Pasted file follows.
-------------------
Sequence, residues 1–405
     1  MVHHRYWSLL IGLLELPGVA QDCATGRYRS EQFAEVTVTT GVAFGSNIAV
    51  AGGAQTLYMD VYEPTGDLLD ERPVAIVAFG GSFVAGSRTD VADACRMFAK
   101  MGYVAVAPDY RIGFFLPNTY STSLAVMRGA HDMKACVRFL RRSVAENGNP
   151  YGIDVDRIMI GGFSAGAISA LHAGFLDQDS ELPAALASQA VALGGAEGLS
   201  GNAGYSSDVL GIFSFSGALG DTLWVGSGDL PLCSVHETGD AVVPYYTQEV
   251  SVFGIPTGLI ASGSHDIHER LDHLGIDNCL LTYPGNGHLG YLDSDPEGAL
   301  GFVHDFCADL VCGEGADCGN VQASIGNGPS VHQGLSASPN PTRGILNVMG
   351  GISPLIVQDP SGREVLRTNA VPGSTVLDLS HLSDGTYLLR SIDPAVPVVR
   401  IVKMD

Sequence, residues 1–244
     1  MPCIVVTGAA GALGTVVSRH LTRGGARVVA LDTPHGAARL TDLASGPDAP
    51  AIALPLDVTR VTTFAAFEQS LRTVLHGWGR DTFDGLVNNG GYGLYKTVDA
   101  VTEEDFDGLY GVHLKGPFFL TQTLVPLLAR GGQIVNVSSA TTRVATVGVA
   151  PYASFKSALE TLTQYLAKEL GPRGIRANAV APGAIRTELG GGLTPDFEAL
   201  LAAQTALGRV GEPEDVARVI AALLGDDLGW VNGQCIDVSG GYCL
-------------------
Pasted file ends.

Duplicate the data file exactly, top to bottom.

Sequence, residues 1–405
     1  MVHHRYWSLL IGLLELPGVA QDCATGRYRS EQFAEVTVTT GVAFGSNIAV
    51  AGGAQTLYMD VYEPTGDLLD ERPVAIVAFG GSFVAGSRTD VADACRMFAK
   101  MGYVAVAPDY RIGFFLPNTY STSLAVMRGA HDMKACVRFL RRSVAENGNP
   151  YGIDVDRIMI GGFSAGAISA LHAGFLDQDS ELPAALASQA VALGGAEGLS
   201  GNAGYSSDVL GIFSFSGALG DTLWVGSGDL PLCSVHETGD AVVPYYTQEV
   251  SVFGIPTGLI ASGSHDIHER LDHLGIDNCL LTYPGNGHLG YLDSDPEGAL
   301  GFVHDFCADL VCGEGADCGN VQASIGNGPS VHQGLSASPN PTRGILNVMG
   351  GISPLIVQDP SGREVLRTNA VPGSTVLDLS HLSDGTYLLR SIDPAVPVVR
   401  IVKMD

Sequence, residues 1–244
     1  MPCIVVTGAA GALGTVVSRH LTRGGARVVA LDTPHGAARL TDLASGPDAP
    51  AIALPLDVTR VTTFAAFEQS LRTVLHGWGR DTFDGLVNNG GYGLYKTVDA
   101  VTEEDFDGLY GVHLKGPFFL TQTLVPLLAR GGQIVNVSSA TTRVATVGVA
   151  PYASFKSALE TLTQYLAKEL GPRGIRANAV APGAIRTELG GGLTPDFEAL
   201  LAAQTALGRV GEPEDVARVI AALLGDDLGW VNGQCIDVSG GYCL